Diagrams make mathematics easier because they help us to see the whole situation at a glance. The English mathematician John Venn (1834–1923) began using diagrams to represent sets. His diagrams are now called Venn diagrams.
In most problems involving sets, it is convenient to choose a larger set that contains all of the elements in all of the sets being considered. This larger set is called the universal set, and is usually given the symbol E.
In a Venn diagram, the universal set is generally drawn as a large rectangle, and then other sets are represented by circles within this rectangle.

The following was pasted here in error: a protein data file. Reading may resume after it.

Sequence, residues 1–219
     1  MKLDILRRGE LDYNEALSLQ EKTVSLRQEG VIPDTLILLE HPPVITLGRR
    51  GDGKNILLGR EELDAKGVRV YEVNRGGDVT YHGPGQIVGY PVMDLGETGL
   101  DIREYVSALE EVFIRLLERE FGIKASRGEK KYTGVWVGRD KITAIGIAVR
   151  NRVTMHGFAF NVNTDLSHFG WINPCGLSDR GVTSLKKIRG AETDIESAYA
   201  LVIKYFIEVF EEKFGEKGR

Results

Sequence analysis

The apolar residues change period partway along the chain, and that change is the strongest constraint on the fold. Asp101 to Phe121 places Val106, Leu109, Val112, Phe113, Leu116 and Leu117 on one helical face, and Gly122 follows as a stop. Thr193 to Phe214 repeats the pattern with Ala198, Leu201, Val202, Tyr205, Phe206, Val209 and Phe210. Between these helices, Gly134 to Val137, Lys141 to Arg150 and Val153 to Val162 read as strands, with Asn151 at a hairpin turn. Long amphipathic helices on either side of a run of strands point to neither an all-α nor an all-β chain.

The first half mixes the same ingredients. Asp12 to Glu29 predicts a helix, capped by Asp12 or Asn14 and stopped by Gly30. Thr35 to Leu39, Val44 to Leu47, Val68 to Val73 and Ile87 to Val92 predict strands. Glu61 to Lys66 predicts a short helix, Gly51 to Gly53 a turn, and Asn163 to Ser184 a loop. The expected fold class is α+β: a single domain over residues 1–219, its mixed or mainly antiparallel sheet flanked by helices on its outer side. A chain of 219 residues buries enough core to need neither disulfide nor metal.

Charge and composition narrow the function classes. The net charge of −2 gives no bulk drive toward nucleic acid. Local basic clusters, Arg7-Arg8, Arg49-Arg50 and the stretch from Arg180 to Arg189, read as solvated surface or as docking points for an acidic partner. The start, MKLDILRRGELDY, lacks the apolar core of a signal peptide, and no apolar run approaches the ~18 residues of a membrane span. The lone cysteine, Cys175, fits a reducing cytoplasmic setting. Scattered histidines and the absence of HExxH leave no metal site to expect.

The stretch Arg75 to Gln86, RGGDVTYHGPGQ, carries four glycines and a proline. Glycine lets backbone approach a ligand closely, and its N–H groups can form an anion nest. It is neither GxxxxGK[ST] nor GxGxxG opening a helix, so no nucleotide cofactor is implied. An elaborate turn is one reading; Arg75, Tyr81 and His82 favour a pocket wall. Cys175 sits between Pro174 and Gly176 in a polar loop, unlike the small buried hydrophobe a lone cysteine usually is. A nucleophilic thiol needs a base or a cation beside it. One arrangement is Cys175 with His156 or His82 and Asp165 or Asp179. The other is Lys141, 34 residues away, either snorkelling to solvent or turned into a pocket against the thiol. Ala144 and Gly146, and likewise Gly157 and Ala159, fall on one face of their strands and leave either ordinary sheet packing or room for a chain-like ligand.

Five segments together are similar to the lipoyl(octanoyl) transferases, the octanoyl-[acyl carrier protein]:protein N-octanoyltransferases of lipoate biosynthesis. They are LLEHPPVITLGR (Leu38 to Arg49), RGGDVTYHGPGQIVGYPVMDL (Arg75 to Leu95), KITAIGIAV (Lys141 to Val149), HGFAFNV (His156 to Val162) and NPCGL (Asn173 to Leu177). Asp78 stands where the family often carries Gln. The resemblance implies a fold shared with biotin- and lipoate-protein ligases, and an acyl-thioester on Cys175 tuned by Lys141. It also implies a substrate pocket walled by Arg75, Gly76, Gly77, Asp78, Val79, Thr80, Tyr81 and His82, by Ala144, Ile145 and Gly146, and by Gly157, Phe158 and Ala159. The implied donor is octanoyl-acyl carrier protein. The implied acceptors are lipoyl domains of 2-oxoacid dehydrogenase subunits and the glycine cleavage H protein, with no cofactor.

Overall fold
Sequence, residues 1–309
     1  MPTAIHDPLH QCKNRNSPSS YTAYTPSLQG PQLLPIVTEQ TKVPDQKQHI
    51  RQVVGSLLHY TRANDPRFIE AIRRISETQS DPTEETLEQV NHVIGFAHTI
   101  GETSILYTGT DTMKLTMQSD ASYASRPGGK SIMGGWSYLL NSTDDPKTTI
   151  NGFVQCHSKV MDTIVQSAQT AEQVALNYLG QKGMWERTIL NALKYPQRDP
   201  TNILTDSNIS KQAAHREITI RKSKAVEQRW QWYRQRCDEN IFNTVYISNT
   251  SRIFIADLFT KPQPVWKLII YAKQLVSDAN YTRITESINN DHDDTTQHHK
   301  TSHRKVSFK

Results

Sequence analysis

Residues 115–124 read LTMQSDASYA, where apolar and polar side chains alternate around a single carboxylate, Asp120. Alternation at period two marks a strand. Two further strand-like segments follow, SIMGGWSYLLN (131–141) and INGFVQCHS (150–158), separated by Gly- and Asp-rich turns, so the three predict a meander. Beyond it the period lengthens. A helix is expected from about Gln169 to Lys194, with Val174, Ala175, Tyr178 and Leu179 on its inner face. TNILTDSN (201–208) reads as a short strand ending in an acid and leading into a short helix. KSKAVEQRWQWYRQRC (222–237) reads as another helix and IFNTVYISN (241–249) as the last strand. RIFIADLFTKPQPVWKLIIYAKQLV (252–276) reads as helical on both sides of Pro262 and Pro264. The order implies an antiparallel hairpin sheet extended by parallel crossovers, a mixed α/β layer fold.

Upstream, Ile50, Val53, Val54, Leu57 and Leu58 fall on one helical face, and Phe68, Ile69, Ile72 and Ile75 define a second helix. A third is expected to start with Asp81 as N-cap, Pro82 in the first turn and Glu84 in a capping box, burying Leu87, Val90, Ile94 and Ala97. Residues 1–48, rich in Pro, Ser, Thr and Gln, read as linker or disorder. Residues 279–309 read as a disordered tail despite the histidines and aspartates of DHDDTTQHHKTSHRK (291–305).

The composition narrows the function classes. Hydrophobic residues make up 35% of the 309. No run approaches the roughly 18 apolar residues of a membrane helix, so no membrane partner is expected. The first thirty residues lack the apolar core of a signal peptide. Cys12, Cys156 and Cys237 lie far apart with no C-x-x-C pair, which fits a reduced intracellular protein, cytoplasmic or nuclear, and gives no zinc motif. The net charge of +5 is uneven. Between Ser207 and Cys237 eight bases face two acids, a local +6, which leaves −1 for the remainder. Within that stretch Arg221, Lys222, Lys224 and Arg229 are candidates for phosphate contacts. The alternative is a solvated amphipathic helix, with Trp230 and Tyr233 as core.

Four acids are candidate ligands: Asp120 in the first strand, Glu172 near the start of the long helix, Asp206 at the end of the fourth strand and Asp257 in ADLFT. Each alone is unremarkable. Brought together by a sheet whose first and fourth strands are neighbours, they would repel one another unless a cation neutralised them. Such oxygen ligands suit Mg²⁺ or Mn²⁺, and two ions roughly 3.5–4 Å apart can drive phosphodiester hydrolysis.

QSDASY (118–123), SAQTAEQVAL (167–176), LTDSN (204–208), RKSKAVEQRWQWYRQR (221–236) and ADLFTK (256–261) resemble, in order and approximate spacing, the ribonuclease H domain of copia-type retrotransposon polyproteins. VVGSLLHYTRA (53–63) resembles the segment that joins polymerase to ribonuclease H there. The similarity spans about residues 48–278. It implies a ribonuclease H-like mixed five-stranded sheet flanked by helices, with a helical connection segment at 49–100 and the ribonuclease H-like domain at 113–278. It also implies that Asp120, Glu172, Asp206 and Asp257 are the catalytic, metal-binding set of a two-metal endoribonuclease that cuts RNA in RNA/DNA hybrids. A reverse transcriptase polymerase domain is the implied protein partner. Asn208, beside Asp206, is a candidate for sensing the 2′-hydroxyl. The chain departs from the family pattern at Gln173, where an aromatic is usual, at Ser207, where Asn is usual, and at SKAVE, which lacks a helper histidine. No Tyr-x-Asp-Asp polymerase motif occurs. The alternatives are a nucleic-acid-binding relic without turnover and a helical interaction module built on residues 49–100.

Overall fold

Venn diagrams with complements, unions and intersections
• Sets are represented in a Venn diagram by circles drawn inside a rectangle representing the universal set.
• The region outside the circle represents the complement of the set.
• The overlapping region of two circles represents the intersection of the two sets.
• Two circles together represent the union of the two sets.
• When two sets are disjoint, we can draw the two circles without any overlap.
• When one set is a subset of another, we can draw its circle inside the circle of the other set.
source:
SETS AND VENN DIAGRAMS under the
Creative Commons AttributionNonCommercial-NoDerivs 3.0 Unported License. 2011